• Bex Young

Ariana Grande: Positions (Deluxe) Review - Princess of Pop's small treat is nothing too special


Ranked among one of the best albums of 2020, Grande treats fans to four (five if you count the 34+35 Remix) new tracks that extend and strengthen Positions' unique and distinctive style and sound. While the development is limited, the gift of new music from Ariana is always welcomed and works as a delightful surprise that many will appreciate.


'Someone like you' is a short interlude that combines brass, R&B beats, and layered vocals. It's sweet but, you can understand why it didn't make the final cut. Fans of Ari's neat and clever production will enjoy this little piece of heaven that feels very 21st century that infuses touches of classic 90s genres. The first few bars give a fairytale feel that seems to be one of the main themes for the album itself. It's short, it's charming, but it's nothing too special.

'Test drive' synth keyboard opening screams old-school R&B and is a different choice that works in Grande's favour. You can hear the influence of Parks and Monet in this track, endorsing a fab beat that pairs nicely with Ariana's breathy layered vocals. 'Test drive' matches Positions' trap-pop sound but ends, quite abruptly which is odd from the pop superstar, feeling almost unpolished and rushed.

The '34+35' Remix is an extension of the global phenomenon that had social media gagging for more (which is what she gave). It's another great, all-female collaboration by Grande, who has picked two of the current, most-anticipated female rap stars to add a little something, extra to an already brilliant song. Doja and Megan each provide their individual flair that oozes unapologetic sex appeal, matching Ari's confidence and prowess. The music video is also gorgeous and a fab addition to the singer's fun videography.


'Worst behaviour', again, isn't long enough. The keyboard melody against belting, background vocals at the start is a surprise and, Grande's layered vocals against the bass in the pre-chorus works nicely. Ariana shows her musical ability, progressing cleverly into the second verse by switching from the keyboard to a catchy, R&B beat. She even manages to chuck in a few classic belts that beloved Ari fans will love to hear but, 'worst behaviour' doesn't add anything new.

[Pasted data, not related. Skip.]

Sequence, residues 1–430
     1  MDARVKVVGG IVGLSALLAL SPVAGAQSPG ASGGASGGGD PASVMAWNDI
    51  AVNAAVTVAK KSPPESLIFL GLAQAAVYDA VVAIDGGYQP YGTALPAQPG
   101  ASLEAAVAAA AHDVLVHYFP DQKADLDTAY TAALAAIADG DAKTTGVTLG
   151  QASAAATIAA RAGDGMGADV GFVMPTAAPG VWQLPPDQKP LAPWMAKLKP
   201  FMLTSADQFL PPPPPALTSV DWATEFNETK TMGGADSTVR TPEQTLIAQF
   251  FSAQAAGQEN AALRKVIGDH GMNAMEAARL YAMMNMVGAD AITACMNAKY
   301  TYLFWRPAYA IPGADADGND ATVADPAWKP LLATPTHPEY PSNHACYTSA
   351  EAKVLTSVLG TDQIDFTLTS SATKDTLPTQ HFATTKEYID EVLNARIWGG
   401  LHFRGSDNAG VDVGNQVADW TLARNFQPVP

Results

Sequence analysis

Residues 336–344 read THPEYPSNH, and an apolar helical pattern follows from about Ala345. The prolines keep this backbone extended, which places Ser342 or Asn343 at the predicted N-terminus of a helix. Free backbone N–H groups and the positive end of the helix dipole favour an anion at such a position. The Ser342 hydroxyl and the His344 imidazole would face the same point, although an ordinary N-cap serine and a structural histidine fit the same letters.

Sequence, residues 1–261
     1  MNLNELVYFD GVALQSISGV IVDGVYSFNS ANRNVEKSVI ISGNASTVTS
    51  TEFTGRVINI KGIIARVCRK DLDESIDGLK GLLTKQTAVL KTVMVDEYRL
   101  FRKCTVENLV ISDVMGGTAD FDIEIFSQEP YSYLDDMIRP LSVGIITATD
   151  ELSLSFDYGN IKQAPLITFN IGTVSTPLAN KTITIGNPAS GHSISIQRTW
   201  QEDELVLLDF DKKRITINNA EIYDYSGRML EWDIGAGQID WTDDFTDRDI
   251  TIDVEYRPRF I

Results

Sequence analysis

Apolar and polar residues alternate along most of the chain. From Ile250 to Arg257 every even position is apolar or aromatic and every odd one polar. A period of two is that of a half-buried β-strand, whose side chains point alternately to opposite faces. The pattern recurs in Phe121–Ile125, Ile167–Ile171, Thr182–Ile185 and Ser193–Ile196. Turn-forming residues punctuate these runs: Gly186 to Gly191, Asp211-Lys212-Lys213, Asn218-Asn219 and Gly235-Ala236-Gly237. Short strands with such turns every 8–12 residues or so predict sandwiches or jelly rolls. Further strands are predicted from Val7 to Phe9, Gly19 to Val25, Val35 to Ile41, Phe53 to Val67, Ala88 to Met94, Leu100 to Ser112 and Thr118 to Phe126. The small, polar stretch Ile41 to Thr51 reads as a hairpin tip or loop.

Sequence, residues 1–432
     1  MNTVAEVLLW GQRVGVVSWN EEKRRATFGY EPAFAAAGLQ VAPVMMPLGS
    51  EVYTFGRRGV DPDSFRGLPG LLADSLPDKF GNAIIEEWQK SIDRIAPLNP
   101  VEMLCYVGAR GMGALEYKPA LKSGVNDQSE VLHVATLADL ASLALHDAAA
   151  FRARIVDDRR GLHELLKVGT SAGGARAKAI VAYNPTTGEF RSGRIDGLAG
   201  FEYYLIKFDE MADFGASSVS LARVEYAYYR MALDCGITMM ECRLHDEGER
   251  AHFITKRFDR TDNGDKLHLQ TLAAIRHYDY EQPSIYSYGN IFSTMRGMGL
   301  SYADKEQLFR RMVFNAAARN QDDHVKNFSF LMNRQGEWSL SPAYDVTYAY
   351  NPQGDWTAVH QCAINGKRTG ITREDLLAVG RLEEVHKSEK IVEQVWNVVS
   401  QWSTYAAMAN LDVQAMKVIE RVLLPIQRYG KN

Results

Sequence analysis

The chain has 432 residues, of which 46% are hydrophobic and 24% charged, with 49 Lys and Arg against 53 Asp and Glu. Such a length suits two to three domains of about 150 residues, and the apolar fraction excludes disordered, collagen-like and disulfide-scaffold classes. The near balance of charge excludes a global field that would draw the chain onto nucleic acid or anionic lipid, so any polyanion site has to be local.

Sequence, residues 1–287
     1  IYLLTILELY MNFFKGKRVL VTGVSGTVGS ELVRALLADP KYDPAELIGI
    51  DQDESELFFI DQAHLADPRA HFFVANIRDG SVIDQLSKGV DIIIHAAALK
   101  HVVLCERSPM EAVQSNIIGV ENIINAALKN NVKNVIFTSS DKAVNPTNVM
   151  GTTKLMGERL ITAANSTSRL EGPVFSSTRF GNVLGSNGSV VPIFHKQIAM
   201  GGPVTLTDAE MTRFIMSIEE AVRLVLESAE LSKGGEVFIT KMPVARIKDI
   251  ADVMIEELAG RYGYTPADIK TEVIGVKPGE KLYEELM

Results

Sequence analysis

'Main thing' is the best of the bunch. In a YouTube live stream, Grande noted how, if the decision came to it, she would replace 'My hair' with 'Main thing', and this seems like the right decision. The different layers and vocals work well together, and the lyrics are cute too. It feels "authentically-Ari" and fits more with Positions' sound than my hair does.


Usually, Ariana is one to match her high expectations, but I can't help feeling that these tracks fall a bit flat. Excluding the 34+35 remix, the new songs don't add much to an album that has fallen prey to "Spotify Syndrome": swift, simple tunes that don't match the excellence of Thank U, Next or Dangerous Woman.

Though you can understand why Grande has chosen to give fans a little something new, however, it doesn't feel new; it feels sadly mundane. Every artist hits a bad patch and has one record that sticks out like a sore thumb. Positions seem like that record.

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Lois Rae Smith

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